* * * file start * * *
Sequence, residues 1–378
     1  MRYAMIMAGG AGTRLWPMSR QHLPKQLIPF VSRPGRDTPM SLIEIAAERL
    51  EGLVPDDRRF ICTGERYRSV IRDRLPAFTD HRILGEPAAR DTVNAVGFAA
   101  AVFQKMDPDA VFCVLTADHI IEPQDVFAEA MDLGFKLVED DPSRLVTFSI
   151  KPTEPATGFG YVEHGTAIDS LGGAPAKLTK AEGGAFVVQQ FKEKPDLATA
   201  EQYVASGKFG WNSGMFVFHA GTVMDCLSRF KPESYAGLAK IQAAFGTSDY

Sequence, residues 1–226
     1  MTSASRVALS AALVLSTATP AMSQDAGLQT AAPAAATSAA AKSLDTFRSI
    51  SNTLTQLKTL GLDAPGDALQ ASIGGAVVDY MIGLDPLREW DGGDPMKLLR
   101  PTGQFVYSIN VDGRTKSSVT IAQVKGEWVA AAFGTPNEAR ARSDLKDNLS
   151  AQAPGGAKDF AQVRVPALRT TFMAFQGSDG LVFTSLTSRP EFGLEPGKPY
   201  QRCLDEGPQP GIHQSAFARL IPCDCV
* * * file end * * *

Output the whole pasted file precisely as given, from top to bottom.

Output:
Sequence, residues 1–378
     1  MRYAMIMAGG AGTRLWPMSR QHLPKQLIPF VSRPGRDTPM SLIEIAAERL
    51  EGLVPDDRRF ICTGERYRSV IRDRLPAFTD HRILGEPAAR DTVNAVGFAA
   101  AVFQKMDPDA VFCVLTADHI IEPQDVFAEA MDLGFKLVED DPSRLVTFSI
   151  KPTEPATGFG YVEHGTAIDS LGGAPAKLTK AEGGAFVVQQ FKEKPDLATA
   201  EQYVASGKFG WNSGMFVFHA GTVMDCLSRF KPESYAGLAK IQAAFGTSDY

Sequence, residues 1–226
     1  MTSASRVALS AALVLSTATP AMSQDAGLQT AAPAAATSAA AKSLDTFRSI
    51  SNTLTQLKTL GLDAPGDALQ ASIGGAVVDY MIGLDPLREW DGGDPMKLLR
   101  PTGQFVYSIN VDGRTKSSVT IAQVKGEWVA AAFGTPNEAR ARSDLKDNLS
   151  AQAPGGAKDF AQVRVPALRT TFMAFQGSDG LVFTSLTSRP EFGLEPGKPY
   201  QRCLDEGPQP GIHQSAFARL IPCDCV